I hardly had the South Carolina registration numbers on the bow before I got a tax bill for GANNET from Beaufort County.  Carol and I got the numbers on the port bow Tuesday.  The tax bill arrived Friday.  It is for $66.46 for the year.  I can handle that.  One of the many virtues of owning a small, old, great boat.

Tuesday, November 21, 2023

Hilton Head Island: anchored upon; hot; AI weather forecasting and ‘rogue’ waves

Carol and I went for a brief sail Sunday afternoon. 

The wind was gusty from the northeast, sometimes heading us as we went out Skull Creek, so at times we sailed under mainsail alone, at times motorsailed with the Evo engaged.  As we entered Port Royal Sound the wind increased to 20 knots, which on or aft the beam would have made for good sailing in the open ocean, but was a handful, literally, in close quarters and roughed up the sound beyond anchoring except in an emergency.  So we turned around and sailed back up Skull Creek and anchored a half hour before sunset in 15’ of smooth water a couple of hundred yards northwest of the marina.

Between the marina and the Port Royal Sound are almost a mile of sand patches barely above the surface at high tide.  The Intracoastal curves west of those islets, but there is also water to the east which in theory is deep enough for GANNET to pass on that side.  Some boats do.  Mostly small power boats and multihulls.  I have always followed the Intracoastal.  A multihull, about 45’, was anchored a half mile away from us on that shallow waterway.

Carol and I were sitting on deck sipping margaritas I had made at the condo when we saw a mast approaching.  As it came nearer and passed the anchored multihull it was revealed to be another about 45’ catamaran being towed by a small red hulled TowBoat US, heading directly for us.  The sun was setting, but it was still full daylight.  Carol said, “He is going to come over and anchor on top of us.”  And that’s just what he did.  We watched the tow boat slow and drift back beside the catamaran for consultation, then go forward and take the strain again and with a clear half mile of empty water in all directions bring the catamaran to within a few boat lengths of GANNET where the cat, whose crew of a man and a woman, dropped anchor.  Sigh.

The man, who was at the helm, which on that boat was at least fifteen feet above the water, shouted to us, “Are you staying the night?”

Carol hears better than I and relayed the message.  I shouted back, ‘Yes.”

“Then I guess I’ll have to move.”

I did not reply but thought, I guess you will.

He shouted again, “We lost a rudder and an engine.”

I am not aware of any severe weather around here recently and have never sailed on such a boat so do not know how they handle, yet I wonder if one rudder and one engine are not enough.  They are all I have ever had, if I’ve had an engine at all.

So they raised anchor, which of course only required pushing a button, and the tow boat hauled them a quarter mile back from where they had approached and they anchored again.  Why they didn’t stop there the first time I do not know.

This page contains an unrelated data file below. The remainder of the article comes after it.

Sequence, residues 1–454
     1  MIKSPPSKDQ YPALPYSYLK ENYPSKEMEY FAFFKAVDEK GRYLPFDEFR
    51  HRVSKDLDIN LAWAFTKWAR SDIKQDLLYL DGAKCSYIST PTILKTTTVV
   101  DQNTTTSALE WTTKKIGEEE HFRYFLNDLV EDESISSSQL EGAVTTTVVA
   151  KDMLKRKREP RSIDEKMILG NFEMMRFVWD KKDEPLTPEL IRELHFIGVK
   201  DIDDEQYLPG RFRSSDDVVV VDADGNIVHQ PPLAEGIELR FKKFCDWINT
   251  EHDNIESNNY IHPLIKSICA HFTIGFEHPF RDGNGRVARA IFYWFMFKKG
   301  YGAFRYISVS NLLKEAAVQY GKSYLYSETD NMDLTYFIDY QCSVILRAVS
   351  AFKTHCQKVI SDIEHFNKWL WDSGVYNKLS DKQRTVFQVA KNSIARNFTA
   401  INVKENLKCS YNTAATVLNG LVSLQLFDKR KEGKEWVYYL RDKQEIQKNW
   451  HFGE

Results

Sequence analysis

We finished our margaritas and went below to share a good bottle of red wine and excellent chicken breast sandwiches Carol had made ashore, followed by half a brownie each, and a good night’s sleep.

You may have heard of Brazil’s current extreme heat wave because a fan died at a Taylor Swift concert there.  However the heat is startling as well as deadly.

The heat index in Rio set a record a few days ago of 58.5C/137F.  And this is Rio de Janeiro, not Death Valley.  Or wasn’t.  I know from personal experience in Hilton Head summers that a heat index of 105F/40.5C is dangerous.  At least for this old man.

No conclusion here, just observation.

Of weather and waves I have recently come across two articles of interest about AI.

As you know during hurricane season I download both the US and European GRIBs daily.  The European, ECMWF, has the reputation of being the more accurate.  Now there is a study that shows that an AI model named GraphCast has outperformed ECMWF in 90% of 1,380 metrics.  This is very good news for better weather forecasting in the future.  Whether it is good or bad news that AI may make our species obsolete is a matter of opinion.

I thank Mark for the other AI article, this one about the much greater frequency of ‘rogue’ waves than had been believed.

I put ‘rogue’ in quotes because that is an example of the pathetic fallacy, humans applying human characteristics to insentient forces, and I note a shift in the rather modest definition of such waves as being “at least twice the height of a formation’s ’significant wave height’ or the mean of the largest one-third of a wave pattern.’  That doesn’t seem very unusual to me and such waves are not likely ‘monsters’.

In nine or ten years at sea I have never seen a huge wave.  I do not doubt they exist, but the biggest waves I have seen were I judge about 30’ high, which is big enough.

However I have often seen waves that meet the above definition.